Vol 22 (2019)
Articles

Deaf-Mutism and Savagery Through the Lens of Animal Magnetism in France During the Early Nineteenth-Century

Andrea Ceci
Università di Bologna
Published May 29, 2020
Keywords
  • Animal magnetism,
  • deaf-mutism,
  • mesmerism,
  • savagery,
  • somnambulism
How to Cite
Ceci, A. (2020). Deaf-Mutism and Savagery Through the Lens of Animal Magnetism in France During the Early Nineteenth-Century. Cromohs - Cyber Review of Modern Historiography, 22, 61-75. https://doi.org/10.13128/cromohs-11704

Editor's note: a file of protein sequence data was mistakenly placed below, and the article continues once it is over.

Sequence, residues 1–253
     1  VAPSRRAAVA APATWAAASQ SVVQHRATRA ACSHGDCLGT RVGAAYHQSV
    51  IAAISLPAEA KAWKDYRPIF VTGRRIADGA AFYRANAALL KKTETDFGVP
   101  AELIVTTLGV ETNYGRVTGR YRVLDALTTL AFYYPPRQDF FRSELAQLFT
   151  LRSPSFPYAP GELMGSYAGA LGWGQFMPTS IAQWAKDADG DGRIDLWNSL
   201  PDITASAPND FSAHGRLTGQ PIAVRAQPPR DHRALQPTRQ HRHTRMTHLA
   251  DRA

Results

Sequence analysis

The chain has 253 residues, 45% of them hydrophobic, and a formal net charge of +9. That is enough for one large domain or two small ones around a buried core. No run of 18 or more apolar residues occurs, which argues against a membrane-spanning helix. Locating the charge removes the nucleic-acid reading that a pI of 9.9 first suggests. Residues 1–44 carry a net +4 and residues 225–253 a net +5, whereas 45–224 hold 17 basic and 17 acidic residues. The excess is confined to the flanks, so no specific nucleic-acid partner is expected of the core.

Abstract

The scope of the paper is to examine the role that deaf-mutism and savagery had in the debate on animal magnetism, which occurred in France in the Early Nineteenth century. In order to legitimise artificial somnambulism, magnetisers turned their attention to the deaf-mutes claiming to be able to communicate with them through the somnambulic faculty of reading the mind. The successors of Mesmer did not develop a coherent medical theory concerning deaf-mutism and most of them aimed to extend research to the origins of magnetic healing by comparing deaf-mute subjects with savages. The paper also aims to show how the travel literature integrated this association and interpreted animal magnetism as a marker of the level of civilisation of the savage populations.